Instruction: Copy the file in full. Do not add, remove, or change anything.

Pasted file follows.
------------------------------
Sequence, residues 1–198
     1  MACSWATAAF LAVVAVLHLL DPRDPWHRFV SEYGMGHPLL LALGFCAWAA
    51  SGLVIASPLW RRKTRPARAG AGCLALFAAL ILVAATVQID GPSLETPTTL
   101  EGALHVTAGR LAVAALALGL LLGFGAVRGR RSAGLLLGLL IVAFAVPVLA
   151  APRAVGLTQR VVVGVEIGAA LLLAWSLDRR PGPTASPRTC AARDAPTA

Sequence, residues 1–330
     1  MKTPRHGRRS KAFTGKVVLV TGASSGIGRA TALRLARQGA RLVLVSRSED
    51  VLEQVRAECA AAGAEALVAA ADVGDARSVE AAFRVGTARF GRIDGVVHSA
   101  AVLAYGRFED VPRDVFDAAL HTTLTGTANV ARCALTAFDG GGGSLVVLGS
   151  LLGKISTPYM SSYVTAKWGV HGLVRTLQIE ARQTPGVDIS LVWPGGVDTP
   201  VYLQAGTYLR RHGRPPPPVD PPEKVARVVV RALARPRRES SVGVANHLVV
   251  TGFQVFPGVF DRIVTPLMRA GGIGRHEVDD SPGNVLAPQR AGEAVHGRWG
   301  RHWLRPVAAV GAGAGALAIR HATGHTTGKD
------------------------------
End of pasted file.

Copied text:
Sequence, residues 1–198
     1  MACSWATAAF LAVVAVLHLL DPRDPWHRFV SEYGMGHPLL LALGFCAWAA
    51  SGLVIASPLW RRKTRPARAG AGCLALFAAL ILVAATVQID GPSLETPTTL
   101  EGALHVTAGR LAVAALALGL LLGFGAVRGR RSAGLLLGLL IVAFAVPVLA
   151  APRAVGLTQR VVVGVEIGAA LLLAWSLDRR PGPTASPRTC AARDAPTA

Sequence, residues 1–330
     1  MKTPRHGRRS KAFTGKVVLV TGASSGIGRA TALRLARQGA RLVLVSRSED
    51  VLEQVRAECA AAGAEALVAA ADVGDARSVE AAFRVGTARF GRIDGVVHSA
   101  AVLAYGRFED VPRDVFDAAL HTTLTGTANV ARCALTAFDG GGGSLVVLGS
   151  LLGKISTPYM SSYVTAKWGV HGLVRTLQIE ARQTPGVDIS LVWPGGVDTP
   201  VYLQAGTYLR RHGRPPPPVD PPEKVARVVV RALARPRRES SVGVANHLVV
   251  TGFQVFPGVF DRIVTPLMRA GGIGRHEVDD SPGNVLAPQR AGEAVHGRWG
   301  RHWLRPVAAV GAGAGALAIR HATGHTTGKD